Chicago, April 10, 2014 – Joan Waggoner, CPA, Plante Moran Partner, Professional Standards, served as a panelist at the Public Company Accounting Oversight Board’s public meeting in Washington on April 2 regarding the Auditor’s Reporting Model Proposal.
The Board’s August 2013 proposal includes a new auditing standard that is intended to increase the informational value of the auditor’s report to promote the usefulness and relevance of the audit and the related auditor’s report. The proposed new standard would require the inclusion of “critical auditing matters” from the auditor’s perspective in the audit report, a significant change from the traditional pass/fail reporting model.
The proposal also includes a second auditing standard to enhance the auditor’s responsibilities for other information in an annual report that contains audited financial statements and the auditor’s report.
Waggoner said this project is one of the most difficult that the board has undertaken since its inception, given all of the diverging points of view and interests that are involved. “From reviewing the comment letters of the smaller accounting firms, I find there is a reluctance to totally embrace the inclusion of critical audit matters in the auditor’s report,” she said. “From discussing the issue with my partners, we also have some worries about certain aspects of CAMs, although we are supportive of the Board’s objective to make the auditor’s report more meaningful to investors.”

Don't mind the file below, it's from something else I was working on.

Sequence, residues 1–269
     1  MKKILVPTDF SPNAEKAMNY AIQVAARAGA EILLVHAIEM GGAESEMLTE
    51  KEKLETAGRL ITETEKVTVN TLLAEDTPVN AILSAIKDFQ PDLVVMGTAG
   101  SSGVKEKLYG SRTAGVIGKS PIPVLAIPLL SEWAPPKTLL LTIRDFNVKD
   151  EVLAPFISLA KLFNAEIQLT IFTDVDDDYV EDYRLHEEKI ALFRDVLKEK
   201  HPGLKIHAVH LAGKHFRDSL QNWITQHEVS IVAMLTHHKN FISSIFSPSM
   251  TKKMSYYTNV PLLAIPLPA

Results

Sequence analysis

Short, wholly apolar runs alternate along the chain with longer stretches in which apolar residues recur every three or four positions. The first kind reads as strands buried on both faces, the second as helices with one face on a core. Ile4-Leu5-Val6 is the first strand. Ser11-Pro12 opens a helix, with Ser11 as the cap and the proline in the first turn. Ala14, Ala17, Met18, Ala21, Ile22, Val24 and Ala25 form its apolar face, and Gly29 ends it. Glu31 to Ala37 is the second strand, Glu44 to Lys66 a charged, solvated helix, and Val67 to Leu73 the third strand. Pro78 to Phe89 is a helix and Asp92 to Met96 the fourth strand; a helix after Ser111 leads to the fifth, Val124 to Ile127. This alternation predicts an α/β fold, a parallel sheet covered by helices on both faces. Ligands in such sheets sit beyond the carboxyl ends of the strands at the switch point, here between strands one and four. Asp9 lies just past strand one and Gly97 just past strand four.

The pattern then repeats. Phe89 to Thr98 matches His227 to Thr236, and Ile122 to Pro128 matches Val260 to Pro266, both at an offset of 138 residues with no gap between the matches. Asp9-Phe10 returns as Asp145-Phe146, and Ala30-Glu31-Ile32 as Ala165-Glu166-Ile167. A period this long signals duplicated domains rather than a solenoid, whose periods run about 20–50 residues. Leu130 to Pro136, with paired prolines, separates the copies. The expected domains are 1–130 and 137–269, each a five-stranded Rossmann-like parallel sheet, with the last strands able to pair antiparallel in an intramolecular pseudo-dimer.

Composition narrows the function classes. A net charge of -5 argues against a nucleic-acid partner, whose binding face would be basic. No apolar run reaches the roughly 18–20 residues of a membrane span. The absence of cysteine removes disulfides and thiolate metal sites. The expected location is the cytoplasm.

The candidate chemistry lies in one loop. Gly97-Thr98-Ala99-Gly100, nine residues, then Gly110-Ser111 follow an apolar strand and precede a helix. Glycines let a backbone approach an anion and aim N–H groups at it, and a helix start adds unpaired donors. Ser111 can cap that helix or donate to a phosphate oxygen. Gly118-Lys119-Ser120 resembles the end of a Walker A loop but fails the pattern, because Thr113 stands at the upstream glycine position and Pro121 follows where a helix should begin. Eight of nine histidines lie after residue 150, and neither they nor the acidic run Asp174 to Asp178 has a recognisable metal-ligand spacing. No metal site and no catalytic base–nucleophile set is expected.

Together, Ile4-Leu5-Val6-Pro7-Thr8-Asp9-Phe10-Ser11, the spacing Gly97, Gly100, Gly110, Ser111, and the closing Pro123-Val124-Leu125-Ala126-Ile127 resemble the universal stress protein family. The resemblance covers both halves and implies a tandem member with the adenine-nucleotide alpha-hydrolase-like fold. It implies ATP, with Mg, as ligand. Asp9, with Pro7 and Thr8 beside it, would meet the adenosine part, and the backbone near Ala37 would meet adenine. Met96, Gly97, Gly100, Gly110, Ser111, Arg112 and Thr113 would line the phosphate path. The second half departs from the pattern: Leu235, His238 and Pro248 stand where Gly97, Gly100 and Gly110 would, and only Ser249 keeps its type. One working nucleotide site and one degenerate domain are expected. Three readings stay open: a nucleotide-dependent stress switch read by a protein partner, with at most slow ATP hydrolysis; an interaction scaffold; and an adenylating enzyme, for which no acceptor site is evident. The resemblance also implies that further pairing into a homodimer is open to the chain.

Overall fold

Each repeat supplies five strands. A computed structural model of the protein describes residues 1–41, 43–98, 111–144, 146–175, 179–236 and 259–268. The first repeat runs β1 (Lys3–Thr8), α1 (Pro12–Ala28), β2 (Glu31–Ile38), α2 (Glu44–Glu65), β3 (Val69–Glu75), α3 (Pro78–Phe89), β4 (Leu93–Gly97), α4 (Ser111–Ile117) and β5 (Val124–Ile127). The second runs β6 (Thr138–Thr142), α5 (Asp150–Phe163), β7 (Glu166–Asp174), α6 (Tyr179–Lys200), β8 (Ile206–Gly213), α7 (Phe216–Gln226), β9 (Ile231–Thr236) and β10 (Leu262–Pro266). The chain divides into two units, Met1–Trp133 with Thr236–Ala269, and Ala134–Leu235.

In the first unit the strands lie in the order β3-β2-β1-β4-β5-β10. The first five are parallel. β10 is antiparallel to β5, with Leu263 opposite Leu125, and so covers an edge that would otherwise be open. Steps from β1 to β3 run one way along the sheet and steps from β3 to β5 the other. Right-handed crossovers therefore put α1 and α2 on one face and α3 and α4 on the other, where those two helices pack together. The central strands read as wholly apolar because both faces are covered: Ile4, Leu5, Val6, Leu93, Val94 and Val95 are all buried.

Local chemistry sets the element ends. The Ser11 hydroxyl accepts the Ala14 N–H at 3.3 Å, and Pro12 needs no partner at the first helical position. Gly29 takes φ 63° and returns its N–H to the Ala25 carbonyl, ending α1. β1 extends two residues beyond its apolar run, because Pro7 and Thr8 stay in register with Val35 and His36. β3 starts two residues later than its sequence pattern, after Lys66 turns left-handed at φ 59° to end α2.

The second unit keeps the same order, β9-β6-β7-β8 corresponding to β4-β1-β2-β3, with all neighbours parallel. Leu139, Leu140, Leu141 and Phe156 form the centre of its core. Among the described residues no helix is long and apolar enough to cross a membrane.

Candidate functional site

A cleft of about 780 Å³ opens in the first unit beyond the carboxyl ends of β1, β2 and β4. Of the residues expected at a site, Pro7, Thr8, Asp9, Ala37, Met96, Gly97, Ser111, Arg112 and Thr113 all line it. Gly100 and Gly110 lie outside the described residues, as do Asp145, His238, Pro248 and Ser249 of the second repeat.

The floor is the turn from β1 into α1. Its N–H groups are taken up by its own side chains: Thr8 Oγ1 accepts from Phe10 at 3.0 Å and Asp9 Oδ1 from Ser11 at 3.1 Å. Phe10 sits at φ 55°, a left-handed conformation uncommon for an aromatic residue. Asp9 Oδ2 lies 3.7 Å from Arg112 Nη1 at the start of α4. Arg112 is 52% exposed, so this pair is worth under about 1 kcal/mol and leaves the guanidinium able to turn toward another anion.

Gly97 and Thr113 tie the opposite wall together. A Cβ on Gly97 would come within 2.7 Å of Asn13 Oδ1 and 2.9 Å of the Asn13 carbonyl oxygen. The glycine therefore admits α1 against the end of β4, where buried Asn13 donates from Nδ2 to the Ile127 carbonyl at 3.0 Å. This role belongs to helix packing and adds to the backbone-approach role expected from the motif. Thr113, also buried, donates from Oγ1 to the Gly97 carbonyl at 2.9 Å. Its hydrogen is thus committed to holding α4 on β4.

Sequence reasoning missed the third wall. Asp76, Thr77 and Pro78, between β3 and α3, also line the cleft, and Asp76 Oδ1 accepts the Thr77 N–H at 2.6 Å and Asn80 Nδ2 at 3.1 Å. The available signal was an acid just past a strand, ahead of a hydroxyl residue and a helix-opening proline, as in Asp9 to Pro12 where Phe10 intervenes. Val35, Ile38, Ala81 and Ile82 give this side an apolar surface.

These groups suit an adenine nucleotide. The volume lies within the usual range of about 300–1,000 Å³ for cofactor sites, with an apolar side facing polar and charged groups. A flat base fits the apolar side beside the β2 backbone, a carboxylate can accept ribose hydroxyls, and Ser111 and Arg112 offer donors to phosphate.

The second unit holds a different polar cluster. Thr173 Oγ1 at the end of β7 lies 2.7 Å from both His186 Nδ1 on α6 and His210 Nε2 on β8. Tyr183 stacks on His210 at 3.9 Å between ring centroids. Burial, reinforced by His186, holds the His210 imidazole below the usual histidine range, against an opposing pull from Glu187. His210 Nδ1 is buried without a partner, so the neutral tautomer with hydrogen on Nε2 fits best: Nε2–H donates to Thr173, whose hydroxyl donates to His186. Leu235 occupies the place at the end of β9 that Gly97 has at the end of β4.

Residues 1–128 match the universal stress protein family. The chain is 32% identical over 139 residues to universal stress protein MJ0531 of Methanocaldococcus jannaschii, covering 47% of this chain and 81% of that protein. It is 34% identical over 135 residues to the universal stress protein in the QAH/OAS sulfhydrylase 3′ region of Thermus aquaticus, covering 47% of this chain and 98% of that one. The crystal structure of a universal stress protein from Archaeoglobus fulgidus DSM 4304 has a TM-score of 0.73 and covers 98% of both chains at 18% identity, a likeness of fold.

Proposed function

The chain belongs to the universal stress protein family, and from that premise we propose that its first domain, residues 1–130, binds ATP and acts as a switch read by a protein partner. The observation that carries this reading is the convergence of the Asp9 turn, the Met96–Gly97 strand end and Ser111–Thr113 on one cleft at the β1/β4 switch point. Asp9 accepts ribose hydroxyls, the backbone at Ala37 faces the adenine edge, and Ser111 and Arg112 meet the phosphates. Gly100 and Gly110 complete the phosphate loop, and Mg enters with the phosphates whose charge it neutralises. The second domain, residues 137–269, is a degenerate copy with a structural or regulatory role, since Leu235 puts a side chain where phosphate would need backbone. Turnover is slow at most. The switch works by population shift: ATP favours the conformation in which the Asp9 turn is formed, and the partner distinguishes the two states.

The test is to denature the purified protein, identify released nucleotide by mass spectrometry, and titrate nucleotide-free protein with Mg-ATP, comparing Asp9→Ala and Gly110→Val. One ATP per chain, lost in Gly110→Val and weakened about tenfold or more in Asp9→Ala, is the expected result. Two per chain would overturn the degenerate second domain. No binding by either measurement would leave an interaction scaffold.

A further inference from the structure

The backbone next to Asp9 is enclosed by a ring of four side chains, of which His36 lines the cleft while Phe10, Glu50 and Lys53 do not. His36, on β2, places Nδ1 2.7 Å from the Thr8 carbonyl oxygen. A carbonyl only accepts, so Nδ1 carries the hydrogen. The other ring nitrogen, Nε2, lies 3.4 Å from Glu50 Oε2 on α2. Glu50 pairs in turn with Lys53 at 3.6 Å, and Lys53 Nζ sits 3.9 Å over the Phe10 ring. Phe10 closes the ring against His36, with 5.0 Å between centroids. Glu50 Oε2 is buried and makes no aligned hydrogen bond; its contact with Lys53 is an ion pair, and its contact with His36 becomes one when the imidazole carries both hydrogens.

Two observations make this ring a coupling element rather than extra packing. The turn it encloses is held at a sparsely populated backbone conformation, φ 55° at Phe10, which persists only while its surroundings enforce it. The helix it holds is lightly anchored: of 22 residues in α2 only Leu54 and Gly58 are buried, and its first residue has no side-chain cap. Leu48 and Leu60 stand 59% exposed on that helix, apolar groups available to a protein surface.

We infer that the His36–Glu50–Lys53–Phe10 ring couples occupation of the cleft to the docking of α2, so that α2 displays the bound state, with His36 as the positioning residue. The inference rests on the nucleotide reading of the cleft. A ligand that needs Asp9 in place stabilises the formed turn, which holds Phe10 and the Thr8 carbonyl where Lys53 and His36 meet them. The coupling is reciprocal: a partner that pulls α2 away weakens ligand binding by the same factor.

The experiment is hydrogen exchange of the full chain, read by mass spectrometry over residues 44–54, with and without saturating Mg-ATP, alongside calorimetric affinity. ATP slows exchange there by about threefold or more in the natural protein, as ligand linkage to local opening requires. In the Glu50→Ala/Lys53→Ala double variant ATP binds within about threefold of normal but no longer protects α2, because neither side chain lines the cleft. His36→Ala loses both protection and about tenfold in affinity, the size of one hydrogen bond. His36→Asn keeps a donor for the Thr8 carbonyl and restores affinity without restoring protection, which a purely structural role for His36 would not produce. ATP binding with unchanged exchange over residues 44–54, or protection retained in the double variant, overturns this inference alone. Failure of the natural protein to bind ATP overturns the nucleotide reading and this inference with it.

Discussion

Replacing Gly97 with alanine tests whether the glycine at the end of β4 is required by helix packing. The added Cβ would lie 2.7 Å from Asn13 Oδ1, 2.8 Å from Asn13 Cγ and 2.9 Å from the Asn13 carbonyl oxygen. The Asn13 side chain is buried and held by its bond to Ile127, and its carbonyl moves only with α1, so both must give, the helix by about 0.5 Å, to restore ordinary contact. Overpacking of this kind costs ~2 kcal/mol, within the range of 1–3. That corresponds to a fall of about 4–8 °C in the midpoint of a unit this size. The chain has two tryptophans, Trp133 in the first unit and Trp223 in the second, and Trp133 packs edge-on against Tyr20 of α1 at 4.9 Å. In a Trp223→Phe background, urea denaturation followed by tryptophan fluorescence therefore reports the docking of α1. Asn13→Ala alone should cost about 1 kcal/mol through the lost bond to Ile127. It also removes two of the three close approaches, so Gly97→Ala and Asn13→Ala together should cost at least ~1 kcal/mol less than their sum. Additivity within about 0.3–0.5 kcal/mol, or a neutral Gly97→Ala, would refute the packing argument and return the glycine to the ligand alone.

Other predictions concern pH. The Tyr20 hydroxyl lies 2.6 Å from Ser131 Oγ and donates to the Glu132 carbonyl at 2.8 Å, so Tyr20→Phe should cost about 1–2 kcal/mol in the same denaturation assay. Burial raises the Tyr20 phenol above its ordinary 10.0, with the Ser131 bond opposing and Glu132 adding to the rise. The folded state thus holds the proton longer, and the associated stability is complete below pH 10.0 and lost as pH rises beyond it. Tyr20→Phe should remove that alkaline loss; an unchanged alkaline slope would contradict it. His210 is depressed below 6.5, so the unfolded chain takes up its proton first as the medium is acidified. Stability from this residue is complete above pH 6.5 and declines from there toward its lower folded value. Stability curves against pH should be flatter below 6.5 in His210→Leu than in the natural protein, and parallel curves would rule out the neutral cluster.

Waggoner questions if these changes should apply to all publicly traded companies, as she expects the costs to be disproportionately higher for smaller companies, with some added pressure when close to filing deadlines.
“A company accepts a high level of responsibility and accountability when it enters the public marketplace,” she said. When evaluating a change to the auditor’s report, she feels it is necessary to consider whether the proposed change would actually protect investors or just provide additional information to investors. If the change is only to provide additional information to investors, then the relevance of the information to investors needs to be firmly established and the cost/benefit analyzed before making the proposed standard applicable to all publicly traded companies, large and small.
She said she understands the Center for Audit Quality has initiated a field test of the proposed auditor’s reporting model and is very interested in reviewing the results of that testing once it is completed.
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